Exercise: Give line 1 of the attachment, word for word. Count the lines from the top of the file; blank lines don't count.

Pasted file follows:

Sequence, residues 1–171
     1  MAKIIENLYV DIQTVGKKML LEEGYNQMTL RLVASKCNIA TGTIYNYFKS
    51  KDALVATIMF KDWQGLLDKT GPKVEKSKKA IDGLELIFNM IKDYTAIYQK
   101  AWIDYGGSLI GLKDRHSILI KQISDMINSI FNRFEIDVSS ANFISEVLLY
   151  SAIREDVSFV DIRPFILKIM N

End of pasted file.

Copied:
Sequence, residues 1–171